What I am saying is that this kind of transparency with players allows intrigue to build and subsequently all those who desperately pine for Chad’s return to the field will be paying close attention alongside all those who believe him to be a terrible person and hope for his eventual failure.
Either way, publicity is being achieved and as the old adage goes “any publicity is good publicity”.
Take a look at the current state of the AFL.
The AFL Draft is still in its infancy, and whilst measures are being taken to raise interest and comparisons to the NFL’s system (eg. The ‘combine’ environment and affiliation with Underarmour) overall interest in the event is not overly encompassing.
If anything, the AFL should be reimbursing Kurt Tippett the money his suspension will eventually come to cost him as this saga alone has brought more interest to the AFL off-season than anything in recent memory.
The fact is that the AFL seem adamant in their procedures to emulate the NFL and its practices yet seem content to take a backseat to cricket, tennis and A-League come the summer months whereas the NFL still dominates American sports news outlets well into MLB and NBA regular seasons.
The AFL currently operates in a six-month news cycle but by allowing individual discretion of the very players that people pay to see, you have the ability to turn the league into a carousel of news on a 12-month basis.
It is about keeping the league in the public eye for as long as humanly possible, this is the exact reason as to why an interview with a high-profile NFL personality will rate higher than an MLB playoff game.
Understandably, there will be situations that will come with both positive and negative responses from the public.
However, the key in achieving this is accountability.
By allowing the player to speak with conviction, and letting the public know that their voice is in fact their own, the onus thus falls on the individual rather than the image of the league itself and we all know how serious the AFL is about the dreaded ‘bringing the game into disrepute’.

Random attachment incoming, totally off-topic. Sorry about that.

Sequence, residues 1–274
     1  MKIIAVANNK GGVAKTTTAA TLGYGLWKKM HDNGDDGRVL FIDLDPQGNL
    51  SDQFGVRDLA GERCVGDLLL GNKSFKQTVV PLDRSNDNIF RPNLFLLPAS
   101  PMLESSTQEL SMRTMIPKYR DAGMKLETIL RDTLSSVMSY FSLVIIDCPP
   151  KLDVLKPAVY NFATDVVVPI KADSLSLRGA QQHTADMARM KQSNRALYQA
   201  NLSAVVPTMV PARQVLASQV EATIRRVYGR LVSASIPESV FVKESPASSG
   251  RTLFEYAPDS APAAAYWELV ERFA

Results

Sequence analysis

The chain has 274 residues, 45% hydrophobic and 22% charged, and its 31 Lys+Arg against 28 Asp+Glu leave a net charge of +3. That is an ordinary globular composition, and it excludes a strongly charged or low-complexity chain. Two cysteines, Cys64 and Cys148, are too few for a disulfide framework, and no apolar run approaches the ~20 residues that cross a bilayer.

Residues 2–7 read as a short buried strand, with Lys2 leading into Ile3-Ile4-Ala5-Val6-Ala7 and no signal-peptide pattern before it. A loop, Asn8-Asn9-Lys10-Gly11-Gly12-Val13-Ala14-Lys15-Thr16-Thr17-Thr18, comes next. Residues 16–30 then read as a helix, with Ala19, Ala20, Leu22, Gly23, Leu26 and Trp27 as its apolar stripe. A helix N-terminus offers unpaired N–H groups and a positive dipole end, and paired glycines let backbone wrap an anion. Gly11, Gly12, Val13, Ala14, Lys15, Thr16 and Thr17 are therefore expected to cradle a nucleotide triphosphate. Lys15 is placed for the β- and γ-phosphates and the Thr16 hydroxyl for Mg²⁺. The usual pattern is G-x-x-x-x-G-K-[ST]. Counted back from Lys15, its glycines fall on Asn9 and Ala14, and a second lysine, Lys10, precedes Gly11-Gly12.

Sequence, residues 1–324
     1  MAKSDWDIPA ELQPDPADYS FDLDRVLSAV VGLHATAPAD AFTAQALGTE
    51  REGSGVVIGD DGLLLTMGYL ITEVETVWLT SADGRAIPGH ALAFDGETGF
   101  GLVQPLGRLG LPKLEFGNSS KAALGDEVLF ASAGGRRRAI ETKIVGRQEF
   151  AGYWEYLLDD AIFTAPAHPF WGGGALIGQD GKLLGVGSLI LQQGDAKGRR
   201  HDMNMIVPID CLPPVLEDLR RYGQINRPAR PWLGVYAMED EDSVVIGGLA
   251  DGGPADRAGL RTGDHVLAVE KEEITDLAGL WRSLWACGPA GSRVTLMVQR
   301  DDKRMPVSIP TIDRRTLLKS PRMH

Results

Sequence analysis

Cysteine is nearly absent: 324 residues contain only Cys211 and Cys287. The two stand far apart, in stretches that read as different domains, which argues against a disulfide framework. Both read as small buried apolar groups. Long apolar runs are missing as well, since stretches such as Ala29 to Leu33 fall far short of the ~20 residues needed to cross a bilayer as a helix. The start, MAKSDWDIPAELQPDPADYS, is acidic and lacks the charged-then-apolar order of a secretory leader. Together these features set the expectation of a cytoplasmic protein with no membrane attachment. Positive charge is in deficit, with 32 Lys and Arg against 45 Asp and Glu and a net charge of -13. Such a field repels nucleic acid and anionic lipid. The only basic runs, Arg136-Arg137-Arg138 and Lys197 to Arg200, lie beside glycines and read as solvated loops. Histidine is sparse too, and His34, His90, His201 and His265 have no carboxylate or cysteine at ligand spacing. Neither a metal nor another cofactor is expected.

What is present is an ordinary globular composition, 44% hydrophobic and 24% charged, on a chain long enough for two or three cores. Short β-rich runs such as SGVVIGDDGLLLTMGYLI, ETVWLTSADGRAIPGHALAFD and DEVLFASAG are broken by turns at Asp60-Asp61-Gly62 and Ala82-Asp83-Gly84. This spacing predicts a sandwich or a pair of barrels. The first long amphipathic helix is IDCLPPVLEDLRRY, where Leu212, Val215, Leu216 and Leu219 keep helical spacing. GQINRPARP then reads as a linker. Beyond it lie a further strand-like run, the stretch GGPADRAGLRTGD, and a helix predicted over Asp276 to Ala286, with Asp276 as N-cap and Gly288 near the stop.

Pittsburgh Steelers running back Rashard Mendenhall last season went to twitter shortly after the death of Osama Bin Laden and played devil’s advocate to the nation-wide celebration by stating his suspicions of ‘how a plane could take down a skyscraper demolition style’.
Obviously an insensitive and perhaps ignorant statement to make for such a prominent figure however, who was the main respondent to the backlash?
It wasn’t the Steelers, it wasn’t the NFL, it was Rashard Mendenhall.
When it comes to AFL, the best example of public opinion would be that of Brendan Fevola.
Were his now infamous antics on the Footy Show’s Brownlow edition of ‘Street Talk’ met with revelers angrily displaying pitchforks and flaming torches in hand outside Princess Park?
Maybe it’s just me, but I quite clearly remember general consensus being that of ‘well he’s not the smartest guy around is he?’
Ultimately there will be both positive and negatives that come out of a more freely opinionated AFL environment.
Some children may grow up with a slightly different view of their idols. So be it.
Some may grow to appreciate a player’s candid nature. So be it.
But as long as these freedoms to not compromise the integrity of the game, it will allow the AFL to flourish and grow into the dominant force it so pines for from its ultra-cool step-dad, the NFL.